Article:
For the love of Sevens - Green and Gold Rugby

For the love of Sevens

For the love of Sevens

It’s been a month or so since the Rio games has finished and the focus of the Australian Rugby community has now largely moved on to having an eye on The Rugby Championship. With that in mind, now is the time to examine and discuss where to for the 7s format in Australia and in particular the best way to use it as a vessel for growth while importantly, not allowing it to be a wasted opportunity.

While there has been some discussion on the Green and Gold Rugby forum in regards to how best to go about developing participation and a greater profile for the game, there’s been little hashed out on the basic structures that would need to be put in place to achieve one or the other. Preferably both.

In what could be largely thought of as a chicken or the egg argument we’ll err on the side participation and see where we end up.

Arggh - Kirra Burke steps in touch for ACT U17s

Arggh – Kirra Burke steps in touch for ACT U17s

In the last twelve months we have seen the ARU begin to roll out their Viva 7s program. In case you’re are unfamiliar with this program. Viva 7s is a non-contact version of the 7s game developed as a more social offering to the wider public.

From what I’ve seen, it appears less structured than traditional Touch Football when played in its formal setting. More like the scratch games we are more likely familiar with. Which I think is actually in its favour. I can see it occupying not only the corporate recreational side but being an excellent introductory vessel to young children. But it in itself is not the answer. Perhaps as part of a larger structure, yes. But not individually. Similar but different isn’t always an adequate substitution for the real thing.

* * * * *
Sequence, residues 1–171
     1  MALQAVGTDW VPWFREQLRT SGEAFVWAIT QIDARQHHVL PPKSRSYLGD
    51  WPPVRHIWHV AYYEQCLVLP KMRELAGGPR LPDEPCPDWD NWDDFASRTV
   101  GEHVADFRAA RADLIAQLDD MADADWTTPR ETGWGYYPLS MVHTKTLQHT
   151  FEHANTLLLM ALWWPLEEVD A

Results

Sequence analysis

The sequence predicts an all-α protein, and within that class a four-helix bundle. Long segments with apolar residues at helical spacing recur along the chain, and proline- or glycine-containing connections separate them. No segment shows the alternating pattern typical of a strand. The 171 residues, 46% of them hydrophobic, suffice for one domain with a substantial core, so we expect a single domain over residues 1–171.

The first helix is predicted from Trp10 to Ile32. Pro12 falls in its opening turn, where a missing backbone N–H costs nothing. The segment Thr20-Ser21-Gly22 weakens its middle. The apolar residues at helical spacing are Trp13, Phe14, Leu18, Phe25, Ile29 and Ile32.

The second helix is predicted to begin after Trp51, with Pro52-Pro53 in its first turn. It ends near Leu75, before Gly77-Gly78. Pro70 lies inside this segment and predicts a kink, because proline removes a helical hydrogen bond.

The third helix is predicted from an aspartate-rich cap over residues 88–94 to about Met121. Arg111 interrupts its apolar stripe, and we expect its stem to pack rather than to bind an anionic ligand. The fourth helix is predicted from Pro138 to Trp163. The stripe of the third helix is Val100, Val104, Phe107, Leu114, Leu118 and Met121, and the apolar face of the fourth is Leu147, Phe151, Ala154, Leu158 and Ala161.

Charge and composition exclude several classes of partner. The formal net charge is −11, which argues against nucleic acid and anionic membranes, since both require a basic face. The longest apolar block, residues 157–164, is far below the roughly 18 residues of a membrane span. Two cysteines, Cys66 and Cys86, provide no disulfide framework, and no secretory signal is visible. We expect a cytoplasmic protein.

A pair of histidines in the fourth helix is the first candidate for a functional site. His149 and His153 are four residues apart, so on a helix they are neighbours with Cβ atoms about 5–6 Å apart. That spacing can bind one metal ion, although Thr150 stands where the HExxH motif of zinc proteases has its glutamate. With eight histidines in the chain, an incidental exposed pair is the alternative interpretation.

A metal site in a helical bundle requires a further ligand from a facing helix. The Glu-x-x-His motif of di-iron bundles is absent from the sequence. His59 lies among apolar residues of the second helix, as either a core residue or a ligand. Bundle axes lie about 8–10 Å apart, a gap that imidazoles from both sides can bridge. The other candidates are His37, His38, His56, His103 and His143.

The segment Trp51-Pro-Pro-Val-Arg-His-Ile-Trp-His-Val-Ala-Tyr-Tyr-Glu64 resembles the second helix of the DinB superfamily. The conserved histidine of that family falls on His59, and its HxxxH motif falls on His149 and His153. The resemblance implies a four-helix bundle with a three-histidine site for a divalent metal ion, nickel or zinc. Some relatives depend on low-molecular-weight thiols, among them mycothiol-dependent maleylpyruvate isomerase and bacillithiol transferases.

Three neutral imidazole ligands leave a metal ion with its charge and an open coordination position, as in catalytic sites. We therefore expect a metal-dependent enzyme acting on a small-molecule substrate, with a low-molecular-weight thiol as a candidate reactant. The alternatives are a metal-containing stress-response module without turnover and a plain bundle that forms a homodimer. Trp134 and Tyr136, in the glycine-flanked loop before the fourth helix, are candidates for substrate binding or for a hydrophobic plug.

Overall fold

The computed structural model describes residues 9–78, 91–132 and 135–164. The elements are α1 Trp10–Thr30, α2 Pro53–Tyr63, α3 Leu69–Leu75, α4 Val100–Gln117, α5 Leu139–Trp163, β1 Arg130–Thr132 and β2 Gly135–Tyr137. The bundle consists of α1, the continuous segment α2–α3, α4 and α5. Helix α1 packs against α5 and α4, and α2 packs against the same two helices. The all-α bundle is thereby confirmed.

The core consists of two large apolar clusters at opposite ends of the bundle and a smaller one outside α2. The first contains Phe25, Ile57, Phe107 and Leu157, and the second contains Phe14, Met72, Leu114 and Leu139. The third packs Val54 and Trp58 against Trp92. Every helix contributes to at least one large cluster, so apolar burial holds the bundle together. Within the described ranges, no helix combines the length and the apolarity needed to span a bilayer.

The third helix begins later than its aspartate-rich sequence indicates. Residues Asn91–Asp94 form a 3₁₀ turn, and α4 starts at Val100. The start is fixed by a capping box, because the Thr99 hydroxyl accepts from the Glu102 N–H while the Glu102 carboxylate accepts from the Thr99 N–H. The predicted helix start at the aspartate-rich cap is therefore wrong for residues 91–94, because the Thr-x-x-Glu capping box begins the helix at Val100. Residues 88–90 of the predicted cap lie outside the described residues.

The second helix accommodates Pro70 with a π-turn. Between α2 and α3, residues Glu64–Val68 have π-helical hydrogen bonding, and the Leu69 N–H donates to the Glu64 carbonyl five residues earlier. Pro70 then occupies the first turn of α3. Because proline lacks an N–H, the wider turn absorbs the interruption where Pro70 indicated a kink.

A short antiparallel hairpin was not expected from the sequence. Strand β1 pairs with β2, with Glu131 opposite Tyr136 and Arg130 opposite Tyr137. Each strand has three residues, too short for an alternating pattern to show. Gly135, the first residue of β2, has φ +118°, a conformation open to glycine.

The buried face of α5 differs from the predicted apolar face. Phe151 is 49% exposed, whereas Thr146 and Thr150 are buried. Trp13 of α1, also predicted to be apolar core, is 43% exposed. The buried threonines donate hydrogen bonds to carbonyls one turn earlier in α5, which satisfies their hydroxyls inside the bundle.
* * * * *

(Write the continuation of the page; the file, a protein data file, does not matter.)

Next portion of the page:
An interesting template that could be used is the BJRU’s 7s program.  This program is an organised 7s competition format designed to run over a 6 week period along with finals running on both Friday evenings and Saturdays.

Within this structure each team plays two games a week be it either session. This is important as we need to ensure participants are provided with the most opportunity to actually participate in the game. For too long we have bolstered our playing numbers with the use of one off activities or the use of single event competitions. While those one off participants do help bolster the numbers they do little to benefit the game overall.

Providing organised competition allows for greater engagement over far longer timeframes and often leads to greater retention rates among not on existing playing bases but new participants.


Which is a strength of the BJRU’s program. Over a 6 week period kids will be able to actively participate in at least 12 games of 7s Rugby. While this will only account for around three hours of total game play, it’s still much, much more than many will currently experience in our existing development activities.

Outside of its greater level of engagement the BJRU’s program has two significant other strengths working heavily in its favour being it’s both scalable and relatively inexpensive to initiate and run.

In terms of its scalability its strengths are twofold. First of all, while the current format is set to a 6 week competition, the program is structured in such a way that it can just as easily run for 8 or 10 weeks as it does for 6. This provides it with the necessary flexibility to respond to the needs and wants of its players. If the players want a longer season one year as opposed to the previous one, then with little relative effort the season can be altered to suit.